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ANNEX 1 SEC consultation on cross border security-based swap activity: items for consider-ation Definition of a US person
ESMA has duly considered the proposed definition of a US person and would like to stress that it supports a definition that only covers persons located or incorporated in the US. ESMA would like to get some clarity as indeed, a clear definition contributes to safe and efficient derivatives markets as it provides legal certainty on the application of the rules. It is important that the definition of a US person only covers persons and entities established in the United States so as to avoid application to persons that would already be subject to another regulatory framework leading to potentially heavy duplication of applicable rules for the person or entity.
ESMA therefore invites the SEC to clarify the definition of US person when it comes to the “pri
cipal place of business”.
This concept may be given a different scope of application depending on how it is defined. For instance, it should not extend to the persons or entities that have a pres-ence in the United States which is complementary to the principal activity conducted outside of the United States and for which a regulatory framework may already apply. More specifically, ESMA would welcome that US branches of entities established in other jurisdictions such as in the European Union would not be captured. Indeed, US branches of EU entities are part of the EU entities and as such are subject to EMIR. As a result, subjecting them to SEC rules would result in duplication of applicable rules.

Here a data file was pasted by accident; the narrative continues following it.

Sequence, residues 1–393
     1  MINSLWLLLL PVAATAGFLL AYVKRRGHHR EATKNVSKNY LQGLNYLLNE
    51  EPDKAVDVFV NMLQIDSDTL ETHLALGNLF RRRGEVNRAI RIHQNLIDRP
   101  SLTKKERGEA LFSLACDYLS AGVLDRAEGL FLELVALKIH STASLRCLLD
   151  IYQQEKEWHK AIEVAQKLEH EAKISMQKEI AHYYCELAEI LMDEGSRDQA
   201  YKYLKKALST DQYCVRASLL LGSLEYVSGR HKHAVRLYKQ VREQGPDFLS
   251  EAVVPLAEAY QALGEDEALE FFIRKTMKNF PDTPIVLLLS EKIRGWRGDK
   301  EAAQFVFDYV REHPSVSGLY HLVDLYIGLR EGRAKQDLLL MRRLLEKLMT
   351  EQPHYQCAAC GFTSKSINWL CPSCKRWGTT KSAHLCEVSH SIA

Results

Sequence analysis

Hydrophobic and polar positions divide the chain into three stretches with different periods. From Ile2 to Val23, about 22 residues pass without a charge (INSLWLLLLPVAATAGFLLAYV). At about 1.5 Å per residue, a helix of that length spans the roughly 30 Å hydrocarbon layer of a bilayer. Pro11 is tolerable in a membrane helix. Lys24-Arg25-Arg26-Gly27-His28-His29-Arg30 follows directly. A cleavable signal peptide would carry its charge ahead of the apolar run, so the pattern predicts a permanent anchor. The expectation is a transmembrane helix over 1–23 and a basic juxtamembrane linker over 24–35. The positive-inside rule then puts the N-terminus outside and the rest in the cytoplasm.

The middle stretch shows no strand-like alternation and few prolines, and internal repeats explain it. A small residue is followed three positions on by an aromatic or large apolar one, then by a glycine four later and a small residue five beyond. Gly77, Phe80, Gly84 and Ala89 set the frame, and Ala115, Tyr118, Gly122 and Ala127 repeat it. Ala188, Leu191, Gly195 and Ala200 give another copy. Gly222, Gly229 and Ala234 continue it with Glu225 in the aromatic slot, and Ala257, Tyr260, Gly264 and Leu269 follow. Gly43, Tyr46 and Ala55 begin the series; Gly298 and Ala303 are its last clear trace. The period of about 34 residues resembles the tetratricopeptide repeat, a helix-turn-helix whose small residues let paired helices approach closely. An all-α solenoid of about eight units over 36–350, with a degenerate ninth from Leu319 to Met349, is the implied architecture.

Transactions conducted within the US
ESMA understands that because of links with the US territory, some derivative contracts may be subject to SEC rules. The definition of these links covers transactions that are solicited, negotiat-ed, executed or booked within the US. This definition is broad and ESMA invites the SEC to consider limiting the definition to those derivative contracts that are booked within the US. The place where the derivative contracts are booked is directly related to the place where the risk should be addressed, whereas the place of solicitation, negotiation or even execution of a deriva-tive does not have such direct link with the place where the risk that should be addressed lies. For instance, under the proposed rules, a derivative concluded between a Japanese counterparty and a European counterparty, solicited in the US, would be considered a transaction conducted within the US and counterparties would be subject to the SEC rules although both counterparties would have no other link than solicitation in the US. It would mean that the derivative would